Many people who return to the regions often have a connection to the place. They may have grown up here, married someone who grew up here or they have family in the area. But Nelson is one of those rare places that is on people’s lists as a place to move and that was the case for Hendriksen, who didn’t have a strong connection to Nelson before he moved here with his family.
“The only reason people don’t work in Nelson is because there aren’t enough jobs.”
But fast-growing companies like Shuttlerock are changing that and also attracting a younger demographic because of the types of jobs they’re offering.
“If you want your staff sitting in traffic for an hour and a half twice a day and working every last hour and then going home tired, then good luck to you. But I want the team to live close to work and come in refreshed so they’re more productive and they come up with the most creative solutions. I want them to be getting out there and mountain biking and doing their thing.”
He says his employees are getting a similar salary to what they would be getting in Auckland - in a competitive sector like tech, there’s no room for ‘sunshine wages’ - so several team members in their early 20s have been able to buy their first homes.
“They’re buying in Richmond and Stoke, about 15 minutes away. They wouldn’t have a shitshow of buying their first house that close to work in Auckland. There are so many benefits to the individual. And, really, the company is just the people working for it.”
Technology has a relatively low-impact on the environment, he says. Before the pandemic, its staff travelled a lot, but that’s obviously been significantly reduced and will remain at a lower level for the foreseeable future. So for him, the idea of a regenerative economy is more about how the growth of one company can help the entire region, which is what happened in Seattle when Microsoft moved its headquarters there.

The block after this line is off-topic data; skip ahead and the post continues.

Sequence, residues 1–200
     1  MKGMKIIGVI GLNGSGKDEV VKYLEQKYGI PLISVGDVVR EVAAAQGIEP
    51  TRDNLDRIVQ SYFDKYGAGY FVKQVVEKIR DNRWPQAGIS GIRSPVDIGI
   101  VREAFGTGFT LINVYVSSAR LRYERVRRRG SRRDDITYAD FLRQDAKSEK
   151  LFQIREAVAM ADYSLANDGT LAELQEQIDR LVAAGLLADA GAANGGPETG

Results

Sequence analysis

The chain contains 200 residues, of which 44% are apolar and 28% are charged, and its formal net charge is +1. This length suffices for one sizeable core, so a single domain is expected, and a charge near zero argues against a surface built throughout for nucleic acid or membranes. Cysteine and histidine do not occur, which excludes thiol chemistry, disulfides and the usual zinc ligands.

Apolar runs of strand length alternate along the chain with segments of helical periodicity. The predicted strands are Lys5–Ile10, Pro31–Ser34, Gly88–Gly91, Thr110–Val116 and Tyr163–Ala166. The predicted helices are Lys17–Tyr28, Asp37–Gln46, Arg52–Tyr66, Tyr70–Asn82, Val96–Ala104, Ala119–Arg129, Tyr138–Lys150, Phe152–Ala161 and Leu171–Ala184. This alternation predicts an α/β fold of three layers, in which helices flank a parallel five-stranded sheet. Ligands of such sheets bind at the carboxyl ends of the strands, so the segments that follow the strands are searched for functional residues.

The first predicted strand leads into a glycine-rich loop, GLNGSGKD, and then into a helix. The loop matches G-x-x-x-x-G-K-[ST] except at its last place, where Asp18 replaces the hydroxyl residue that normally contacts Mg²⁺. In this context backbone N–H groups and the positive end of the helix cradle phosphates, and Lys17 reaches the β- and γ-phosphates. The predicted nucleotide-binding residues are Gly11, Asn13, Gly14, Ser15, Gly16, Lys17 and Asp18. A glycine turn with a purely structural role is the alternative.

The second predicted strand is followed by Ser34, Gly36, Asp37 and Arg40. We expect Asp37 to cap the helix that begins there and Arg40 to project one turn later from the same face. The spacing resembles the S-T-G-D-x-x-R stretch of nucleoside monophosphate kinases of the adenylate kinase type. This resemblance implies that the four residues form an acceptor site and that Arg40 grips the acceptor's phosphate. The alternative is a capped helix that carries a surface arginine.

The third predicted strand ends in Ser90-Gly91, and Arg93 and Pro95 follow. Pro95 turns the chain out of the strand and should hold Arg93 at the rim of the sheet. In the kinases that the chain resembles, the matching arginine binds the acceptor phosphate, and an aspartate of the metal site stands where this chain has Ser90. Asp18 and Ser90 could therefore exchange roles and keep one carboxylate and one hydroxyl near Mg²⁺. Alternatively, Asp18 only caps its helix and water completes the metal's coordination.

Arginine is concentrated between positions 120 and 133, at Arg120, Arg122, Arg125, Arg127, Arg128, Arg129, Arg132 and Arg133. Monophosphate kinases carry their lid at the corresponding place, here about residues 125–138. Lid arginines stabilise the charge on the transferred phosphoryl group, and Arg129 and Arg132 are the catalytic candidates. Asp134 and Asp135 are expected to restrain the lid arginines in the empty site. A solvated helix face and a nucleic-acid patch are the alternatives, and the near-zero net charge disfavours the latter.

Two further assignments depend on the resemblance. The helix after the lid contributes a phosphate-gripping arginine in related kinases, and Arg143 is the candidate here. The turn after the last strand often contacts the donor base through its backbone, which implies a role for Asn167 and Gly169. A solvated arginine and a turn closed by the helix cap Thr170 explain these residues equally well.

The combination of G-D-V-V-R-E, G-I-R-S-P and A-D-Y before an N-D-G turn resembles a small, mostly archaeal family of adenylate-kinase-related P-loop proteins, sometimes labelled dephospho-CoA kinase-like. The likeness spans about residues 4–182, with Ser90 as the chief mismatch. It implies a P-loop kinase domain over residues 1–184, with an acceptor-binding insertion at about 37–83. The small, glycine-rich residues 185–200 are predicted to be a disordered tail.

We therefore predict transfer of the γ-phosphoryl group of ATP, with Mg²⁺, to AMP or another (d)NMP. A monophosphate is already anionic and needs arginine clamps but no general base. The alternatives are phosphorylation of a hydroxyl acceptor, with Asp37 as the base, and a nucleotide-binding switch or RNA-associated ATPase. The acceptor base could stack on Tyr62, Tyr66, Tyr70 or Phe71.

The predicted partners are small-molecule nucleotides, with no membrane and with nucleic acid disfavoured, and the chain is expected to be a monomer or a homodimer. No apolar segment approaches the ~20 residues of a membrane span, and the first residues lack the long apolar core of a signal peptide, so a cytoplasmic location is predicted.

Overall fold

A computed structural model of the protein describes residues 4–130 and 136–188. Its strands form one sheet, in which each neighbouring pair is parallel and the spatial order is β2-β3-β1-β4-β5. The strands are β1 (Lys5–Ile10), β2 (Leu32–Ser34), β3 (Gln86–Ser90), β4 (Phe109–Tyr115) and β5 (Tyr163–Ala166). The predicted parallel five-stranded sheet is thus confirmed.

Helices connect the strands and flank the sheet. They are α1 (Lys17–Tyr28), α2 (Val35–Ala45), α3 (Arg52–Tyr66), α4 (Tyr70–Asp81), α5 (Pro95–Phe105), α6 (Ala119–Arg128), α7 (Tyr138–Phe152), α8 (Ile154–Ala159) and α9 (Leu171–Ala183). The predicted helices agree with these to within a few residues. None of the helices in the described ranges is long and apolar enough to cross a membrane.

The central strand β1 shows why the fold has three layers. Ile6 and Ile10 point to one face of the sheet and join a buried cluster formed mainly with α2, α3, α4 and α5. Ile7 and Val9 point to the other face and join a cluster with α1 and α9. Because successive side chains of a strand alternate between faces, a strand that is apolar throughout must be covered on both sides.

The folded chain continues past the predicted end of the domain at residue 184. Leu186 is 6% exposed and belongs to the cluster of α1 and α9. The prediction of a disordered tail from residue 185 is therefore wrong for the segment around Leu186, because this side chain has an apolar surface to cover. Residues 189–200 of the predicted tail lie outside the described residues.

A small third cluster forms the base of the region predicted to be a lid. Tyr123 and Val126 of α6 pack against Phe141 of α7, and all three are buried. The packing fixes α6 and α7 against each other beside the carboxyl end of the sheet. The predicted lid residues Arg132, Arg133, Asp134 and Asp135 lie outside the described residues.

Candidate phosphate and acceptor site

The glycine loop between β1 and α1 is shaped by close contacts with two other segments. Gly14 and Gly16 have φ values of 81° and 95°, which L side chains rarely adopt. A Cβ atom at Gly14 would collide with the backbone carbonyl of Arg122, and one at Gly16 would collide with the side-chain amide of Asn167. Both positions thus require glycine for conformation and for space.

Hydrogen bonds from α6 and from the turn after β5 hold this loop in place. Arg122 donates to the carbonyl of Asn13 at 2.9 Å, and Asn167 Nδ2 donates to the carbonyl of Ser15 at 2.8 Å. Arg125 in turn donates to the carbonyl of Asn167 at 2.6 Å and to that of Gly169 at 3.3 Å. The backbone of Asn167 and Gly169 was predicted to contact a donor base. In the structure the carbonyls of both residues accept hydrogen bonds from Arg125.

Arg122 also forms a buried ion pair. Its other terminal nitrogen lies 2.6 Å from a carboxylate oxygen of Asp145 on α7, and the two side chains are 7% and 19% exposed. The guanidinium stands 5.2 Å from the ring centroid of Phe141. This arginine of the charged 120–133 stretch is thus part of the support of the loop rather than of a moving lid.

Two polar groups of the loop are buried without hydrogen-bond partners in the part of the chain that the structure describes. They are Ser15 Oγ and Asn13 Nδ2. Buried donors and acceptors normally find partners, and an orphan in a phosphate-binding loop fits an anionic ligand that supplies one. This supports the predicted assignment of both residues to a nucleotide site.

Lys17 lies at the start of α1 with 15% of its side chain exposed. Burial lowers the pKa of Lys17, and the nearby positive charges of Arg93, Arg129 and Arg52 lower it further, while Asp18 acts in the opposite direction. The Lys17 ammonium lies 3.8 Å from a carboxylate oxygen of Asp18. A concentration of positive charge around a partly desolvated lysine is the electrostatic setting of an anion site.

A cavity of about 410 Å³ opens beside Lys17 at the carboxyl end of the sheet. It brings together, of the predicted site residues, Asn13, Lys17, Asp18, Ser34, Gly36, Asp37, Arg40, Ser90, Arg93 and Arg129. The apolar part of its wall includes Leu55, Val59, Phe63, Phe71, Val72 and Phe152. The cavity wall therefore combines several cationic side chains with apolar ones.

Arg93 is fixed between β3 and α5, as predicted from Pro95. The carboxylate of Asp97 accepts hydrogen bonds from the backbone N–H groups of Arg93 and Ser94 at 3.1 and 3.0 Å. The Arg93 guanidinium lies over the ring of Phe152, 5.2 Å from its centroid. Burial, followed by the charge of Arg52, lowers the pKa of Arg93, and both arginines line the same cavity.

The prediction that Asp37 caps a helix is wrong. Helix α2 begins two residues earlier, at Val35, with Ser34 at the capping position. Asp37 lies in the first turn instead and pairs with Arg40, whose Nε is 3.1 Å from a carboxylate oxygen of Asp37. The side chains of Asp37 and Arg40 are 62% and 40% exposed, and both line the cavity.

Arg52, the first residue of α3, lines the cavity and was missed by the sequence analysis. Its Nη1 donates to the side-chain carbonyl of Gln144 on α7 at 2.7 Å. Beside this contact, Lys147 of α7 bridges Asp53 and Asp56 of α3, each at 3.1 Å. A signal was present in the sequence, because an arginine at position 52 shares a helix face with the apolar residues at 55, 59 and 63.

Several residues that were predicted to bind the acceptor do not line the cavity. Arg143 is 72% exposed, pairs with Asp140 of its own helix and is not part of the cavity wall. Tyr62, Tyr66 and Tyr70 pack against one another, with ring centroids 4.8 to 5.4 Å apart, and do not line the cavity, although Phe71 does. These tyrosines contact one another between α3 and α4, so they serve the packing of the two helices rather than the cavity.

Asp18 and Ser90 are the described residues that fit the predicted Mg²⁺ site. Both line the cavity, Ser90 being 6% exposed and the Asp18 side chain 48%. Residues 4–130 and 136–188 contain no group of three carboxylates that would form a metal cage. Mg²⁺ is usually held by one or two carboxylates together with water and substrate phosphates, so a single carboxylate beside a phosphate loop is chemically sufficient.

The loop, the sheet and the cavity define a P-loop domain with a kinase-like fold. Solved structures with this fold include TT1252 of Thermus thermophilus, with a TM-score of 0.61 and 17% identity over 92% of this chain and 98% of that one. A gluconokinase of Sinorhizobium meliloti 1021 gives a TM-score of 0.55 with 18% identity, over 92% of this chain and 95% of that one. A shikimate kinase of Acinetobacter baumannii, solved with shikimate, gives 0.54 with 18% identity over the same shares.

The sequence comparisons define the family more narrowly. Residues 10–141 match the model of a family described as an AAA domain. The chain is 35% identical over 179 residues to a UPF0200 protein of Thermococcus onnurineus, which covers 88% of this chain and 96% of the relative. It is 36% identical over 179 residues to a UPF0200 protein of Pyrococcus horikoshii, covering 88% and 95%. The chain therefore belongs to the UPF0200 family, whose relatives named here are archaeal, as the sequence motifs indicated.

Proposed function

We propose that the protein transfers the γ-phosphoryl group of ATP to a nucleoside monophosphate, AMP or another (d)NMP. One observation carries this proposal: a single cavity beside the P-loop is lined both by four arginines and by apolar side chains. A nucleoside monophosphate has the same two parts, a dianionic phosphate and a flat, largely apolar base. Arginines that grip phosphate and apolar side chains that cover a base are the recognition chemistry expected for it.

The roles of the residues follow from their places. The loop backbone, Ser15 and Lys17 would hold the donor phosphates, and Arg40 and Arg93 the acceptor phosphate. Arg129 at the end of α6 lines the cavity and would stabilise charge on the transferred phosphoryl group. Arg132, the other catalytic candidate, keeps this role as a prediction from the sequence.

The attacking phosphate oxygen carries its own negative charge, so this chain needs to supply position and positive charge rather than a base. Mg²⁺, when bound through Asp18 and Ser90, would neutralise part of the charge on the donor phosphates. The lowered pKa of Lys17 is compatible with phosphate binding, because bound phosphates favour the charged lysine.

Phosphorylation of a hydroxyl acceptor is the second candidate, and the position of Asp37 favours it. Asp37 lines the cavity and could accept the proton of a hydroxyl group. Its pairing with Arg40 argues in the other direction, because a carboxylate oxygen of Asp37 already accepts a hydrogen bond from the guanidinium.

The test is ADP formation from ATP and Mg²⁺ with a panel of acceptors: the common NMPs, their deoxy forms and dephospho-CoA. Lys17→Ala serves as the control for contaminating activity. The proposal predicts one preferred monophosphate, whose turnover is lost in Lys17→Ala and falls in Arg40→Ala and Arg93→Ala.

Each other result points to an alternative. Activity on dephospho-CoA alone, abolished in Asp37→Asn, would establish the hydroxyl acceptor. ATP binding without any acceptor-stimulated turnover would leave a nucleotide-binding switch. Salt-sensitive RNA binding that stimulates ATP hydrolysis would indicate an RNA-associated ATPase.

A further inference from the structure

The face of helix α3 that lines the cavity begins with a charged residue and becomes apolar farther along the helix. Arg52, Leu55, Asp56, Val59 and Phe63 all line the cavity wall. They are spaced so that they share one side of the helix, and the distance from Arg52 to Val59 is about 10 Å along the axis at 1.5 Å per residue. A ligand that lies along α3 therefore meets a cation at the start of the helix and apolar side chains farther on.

“What you want to be doing is adding value to the economy through creativity and using your brain,” he says. “The trickle-down effect as we grow is that it will flow into the local economy, and not just to the local coffee shop - although they’re quite happy we’re here. We’re starting to develop a nice ecosystem here in Nelson and any opportunity to go local, we will go local.”
He says it is using some local software consultants and it works closely with the Nelson Marlborough Institute of Technology, where a number of its employees have studied.
So how does Nelson attract more businesses like Shuttlerock?
“That’s the million dollar question. It’s going to be easier for the local council to focus on companies in high growth industries, or high-growth companies that are still small.”
The authorities shouldn’t be picking winners, he says. So it’s more about what they can do to make it friendly for the companies that decide to come. It’s not cheap to move a business - or a family - so could a rent holiday convince them to move? Is there a way to help their partners find jobs when they arrive? Or will simply telling the stories of businesses like Shuttlerock and seeing that global success is achievable from an amazing place like Nelson be the clincher?
At the end of our meeting, Hendriksen hands me a Shuttlerock sweater with a picture of an astronaut on the front. Shuttlerock was formed in the last year of the NASA Space Shuttle programme. In that year, the crew of the final Discovery flight visited Christchurch to inspire those who were affected by the earthquakes and the name of the company was a mark of respect to a programme that has “inspired generations to believe that anything is possible” and to the astronauts who were part of it.
“So, have you booked your flight to Mars yet?” I ask.
“No way,” he says. It seems like Nelson has got everything he needs.